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|Join me in my efforts to support the Lymphoma Reasarch Foundation |
|We live in what is can only be described as a miraculous age of cancer research. Each day new knowledge and treatments are being discovered, tested in clinical trials and made available to cancer survivors like myself. While the ultimate cure is still elusive, all of us who "never give up, never stop fighting" now enjoy an arsenal of solutions, many of which were unknown/untried just a few years ago. |
This miraculous age is due in no small part to the financial support of so many good people like you. These precious gifts, no matter what amount, means so much to cancer survivors, the people they love and the people who love them.
Here is an opportunity to further show your support.
I will be riding in the Lymphoma Research Foundation Ride, Chicago NorthShore, on September 22, 2013. http://www.lymphoma.org/faf/home/default.asp?ievent=1073129
It will be a great privilege to combine my love of cycling with raising funds for cancer research. I would appreciate it very much if you would consider joining me in this effort.
Please click on the links here. Follow the path to donate /give now/ sponsor participant or my name and you will see my personal page. From there, you will see easy to execute instructions about making a contribution:
I know that you give a lot and show your support to many. It’s who you are. I appreciate you considering this request for assistance and please do not feel obligated in any way. If you can participate, any size amount will be appreciated.
Special Note:2013 is the 100th anniversary of the TdeF. Among the many things the race committee have put in the tour this year is a climb up – not once, but twice in one day—the Alpe d’Huez. And twice up this mountain makes this TdeF and my September 2013 ride very special.(If you have missed the coverage, check out this link: http://www.steephill.tv/2013/tour-de-france/photos/stage-18/ )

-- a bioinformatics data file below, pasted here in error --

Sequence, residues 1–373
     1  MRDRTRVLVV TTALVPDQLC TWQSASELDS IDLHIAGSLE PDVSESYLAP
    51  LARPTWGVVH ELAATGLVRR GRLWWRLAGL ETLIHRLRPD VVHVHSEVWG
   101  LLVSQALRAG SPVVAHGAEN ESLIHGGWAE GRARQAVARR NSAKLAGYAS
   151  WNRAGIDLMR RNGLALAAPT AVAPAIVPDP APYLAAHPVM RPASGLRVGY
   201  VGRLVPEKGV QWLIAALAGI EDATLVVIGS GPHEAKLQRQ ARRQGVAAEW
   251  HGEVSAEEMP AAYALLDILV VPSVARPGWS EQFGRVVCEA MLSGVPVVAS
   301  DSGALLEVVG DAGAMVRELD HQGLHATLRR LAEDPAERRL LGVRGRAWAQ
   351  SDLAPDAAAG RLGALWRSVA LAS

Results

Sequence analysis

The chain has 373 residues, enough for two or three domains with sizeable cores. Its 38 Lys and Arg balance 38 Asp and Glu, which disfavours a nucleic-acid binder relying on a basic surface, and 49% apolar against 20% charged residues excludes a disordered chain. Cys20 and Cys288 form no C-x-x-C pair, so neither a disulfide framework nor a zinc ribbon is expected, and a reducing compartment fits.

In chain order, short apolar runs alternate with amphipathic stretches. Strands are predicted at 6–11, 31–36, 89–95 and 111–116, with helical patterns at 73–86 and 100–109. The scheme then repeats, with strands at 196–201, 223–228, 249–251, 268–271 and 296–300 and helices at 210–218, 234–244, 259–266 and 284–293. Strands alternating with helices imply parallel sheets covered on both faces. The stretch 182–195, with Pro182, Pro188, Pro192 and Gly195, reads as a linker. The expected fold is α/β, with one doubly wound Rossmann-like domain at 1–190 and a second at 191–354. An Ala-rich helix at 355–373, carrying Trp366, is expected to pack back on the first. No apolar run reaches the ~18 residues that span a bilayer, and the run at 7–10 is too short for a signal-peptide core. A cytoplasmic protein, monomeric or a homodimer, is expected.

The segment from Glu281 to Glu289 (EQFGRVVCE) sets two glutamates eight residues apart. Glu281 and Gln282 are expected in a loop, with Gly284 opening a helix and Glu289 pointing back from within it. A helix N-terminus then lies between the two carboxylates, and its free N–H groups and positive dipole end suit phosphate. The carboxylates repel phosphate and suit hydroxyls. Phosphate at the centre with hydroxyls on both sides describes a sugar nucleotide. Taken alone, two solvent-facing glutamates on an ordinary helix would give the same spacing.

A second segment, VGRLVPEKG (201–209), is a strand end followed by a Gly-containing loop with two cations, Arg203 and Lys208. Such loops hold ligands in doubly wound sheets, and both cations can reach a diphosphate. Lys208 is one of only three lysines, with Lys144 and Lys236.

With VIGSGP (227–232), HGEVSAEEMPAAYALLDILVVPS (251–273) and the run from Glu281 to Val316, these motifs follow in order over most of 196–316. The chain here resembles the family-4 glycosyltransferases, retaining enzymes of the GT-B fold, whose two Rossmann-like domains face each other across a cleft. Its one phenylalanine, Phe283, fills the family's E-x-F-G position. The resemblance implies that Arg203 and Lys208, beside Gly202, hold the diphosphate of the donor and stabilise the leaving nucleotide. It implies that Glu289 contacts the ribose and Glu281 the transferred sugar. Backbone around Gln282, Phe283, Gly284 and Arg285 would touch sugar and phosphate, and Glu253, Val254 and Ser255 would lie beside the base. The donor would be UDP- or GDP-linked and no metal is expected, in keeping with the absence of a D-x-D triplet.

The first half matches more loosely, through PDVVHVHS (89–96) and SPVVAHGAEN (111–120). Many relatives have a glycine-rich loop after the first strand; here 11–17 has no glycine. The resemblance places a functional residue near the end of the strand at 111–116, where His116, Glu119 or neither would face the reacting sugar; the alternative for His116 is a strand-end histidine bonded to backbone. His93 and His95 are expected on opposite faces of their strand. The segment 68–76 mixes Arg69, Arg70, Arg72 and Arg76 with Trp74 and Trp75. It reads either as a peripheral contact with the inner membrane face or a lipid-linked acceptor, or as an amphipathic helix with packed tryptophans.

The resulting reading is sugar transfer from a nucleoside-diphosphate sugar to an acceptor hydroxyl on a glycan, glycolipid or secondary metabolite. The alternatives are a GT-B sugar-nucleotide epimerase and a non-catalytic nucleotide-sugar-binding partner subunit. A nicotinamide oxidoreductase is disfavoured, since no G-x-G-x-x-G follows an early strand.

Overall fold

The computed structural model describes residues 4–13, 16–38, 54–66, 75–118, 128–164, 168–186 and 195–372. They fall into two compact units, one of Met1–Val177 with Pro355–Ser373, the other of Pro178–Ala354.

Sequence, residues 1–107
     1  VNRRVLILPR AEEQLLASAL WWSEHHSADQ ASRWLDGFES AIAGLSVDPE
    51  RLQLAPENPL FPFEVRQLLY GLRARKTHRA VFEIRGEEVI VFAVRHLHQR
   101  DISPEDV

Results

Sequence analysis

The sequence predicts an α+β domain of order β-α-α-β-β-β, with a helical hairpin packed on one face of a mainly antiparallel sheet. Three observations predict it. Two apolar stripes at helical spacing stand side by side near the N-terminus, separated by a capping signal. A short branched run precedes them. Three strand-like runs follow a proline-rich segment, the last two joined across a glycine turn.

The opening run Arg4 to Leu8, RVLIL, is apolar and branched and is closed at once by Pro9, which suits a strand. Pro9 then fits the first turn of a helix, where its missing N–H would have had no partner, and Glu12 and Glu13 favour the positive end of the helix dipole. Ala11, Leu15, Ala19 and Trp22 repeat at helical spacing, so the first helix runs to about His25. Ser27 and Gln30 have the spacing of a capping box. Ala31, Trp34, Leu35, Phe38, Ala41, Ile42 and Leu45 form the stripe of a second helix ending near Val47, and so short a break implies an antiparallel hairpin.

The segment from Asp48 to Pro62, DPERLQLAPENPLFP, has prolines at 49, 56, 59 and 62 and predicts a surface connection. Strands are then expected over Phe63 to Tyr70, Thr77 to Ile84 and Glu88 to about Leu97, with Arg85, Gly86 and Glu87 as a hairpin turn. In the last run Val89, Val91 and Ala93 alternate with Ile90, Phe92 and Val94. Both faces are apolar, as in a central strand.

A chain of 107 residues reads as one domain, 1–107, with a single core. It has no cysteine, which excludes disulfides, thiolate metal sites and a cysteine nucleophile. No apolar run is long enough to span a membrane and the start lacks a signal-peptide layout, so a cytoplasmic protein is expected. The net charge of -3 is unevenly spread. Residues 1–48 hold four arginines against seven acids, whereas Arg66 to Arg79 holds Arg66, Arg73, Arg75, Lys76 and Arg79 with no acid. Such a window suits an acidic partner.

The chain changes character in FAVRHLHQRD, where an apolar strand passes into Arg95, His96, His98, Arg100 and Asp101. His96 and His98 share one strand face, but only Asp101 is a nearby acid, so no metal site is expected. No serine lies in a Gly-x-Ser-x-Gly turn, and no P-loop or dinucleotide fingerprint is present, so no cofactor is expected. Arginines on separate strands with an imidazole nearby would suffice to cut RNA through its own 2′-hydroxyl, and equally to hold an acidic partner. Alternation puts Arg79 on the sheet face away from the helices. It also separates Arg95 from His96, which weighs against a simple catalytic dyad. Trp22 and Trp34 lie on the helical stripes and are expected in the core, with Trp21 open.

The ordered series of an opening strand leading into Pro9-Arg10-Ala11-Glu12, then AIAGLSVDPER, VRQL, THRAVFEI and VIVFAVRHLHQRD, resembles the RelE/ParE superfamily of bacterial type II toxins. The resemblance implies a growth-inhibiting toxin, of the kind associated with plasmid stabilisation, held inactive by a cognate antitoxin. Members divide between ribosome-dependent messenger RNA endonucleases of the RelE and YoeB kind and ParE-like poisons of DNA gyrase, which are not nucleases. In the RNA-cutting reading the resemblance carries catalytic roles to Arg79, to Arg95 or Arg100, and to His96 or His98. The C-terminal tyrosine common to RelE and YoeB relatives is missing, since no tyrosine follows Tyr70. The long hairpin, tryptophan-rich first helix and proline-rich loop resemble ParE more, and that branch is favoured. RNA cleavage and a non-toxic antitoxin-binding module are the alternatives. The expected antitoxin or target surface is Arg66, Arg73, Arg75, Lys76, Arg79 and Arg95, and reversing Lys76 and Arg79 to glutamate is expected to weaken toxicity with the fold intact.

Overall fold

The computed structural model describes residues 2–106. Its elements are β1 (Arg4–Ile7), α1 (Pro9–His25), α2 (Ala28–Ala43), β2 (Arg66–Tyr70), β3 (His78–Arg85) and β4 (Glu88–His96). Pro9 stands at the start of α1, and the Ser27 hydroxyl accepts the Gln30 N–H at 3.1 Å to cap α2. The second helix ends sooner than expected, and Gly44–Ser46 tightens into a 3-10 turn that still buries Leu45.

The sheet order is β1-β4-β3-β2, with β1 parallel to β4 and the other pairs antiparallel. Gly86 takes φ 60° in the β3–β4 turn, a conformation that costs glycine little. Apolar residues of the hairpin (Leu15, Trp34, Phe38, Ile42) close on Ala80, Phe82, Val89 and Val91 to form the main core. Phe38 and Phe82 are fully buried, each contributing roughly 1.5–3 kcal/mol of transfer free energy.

In 2004 I rode up the Alpe d’Huez as part of a week at the TdeF (organized by http://www.thomsonbiketours.com/) with my friend and business colleague Mike H.
I was pretty slow but I made it. I believed it was just about the hardest thing I had ever done physically. Exhausted ( 21 switchbacks, average grade 8%, maximum grade 10.6%, elevation gain 3500 feet, finishing at an altitude of 6,000 feet) and elated is the only way to describe this “personal best” accomplishment.
Little did I know that in 3 ˝ years I was destined to face another physical challenge, every bit as daunting and demanding a climb, being diagnosed with lymphoma.
My Alpe d’Huez climb was, is and continues to be an example for me as I, in effect, climbed twice and more with my subsequent diagnoses, remissions and recurring cancer bouts.
Going up the Alpe d'Huez twice in one day just might be a metaphor for so many of us whom I have met and spoken with —- my fellow cancer survivors -- who have to meet our challenges not once, but many times and still go on to proudly wear our “King of the Mountains” polka dot jersey.
It is pretty flat on this NorthShore ride (maybe 30 feet elevation gain), and not a lot of miles, but I will be inspired and riding for all of us who have had to climb the mountain twice on the same day!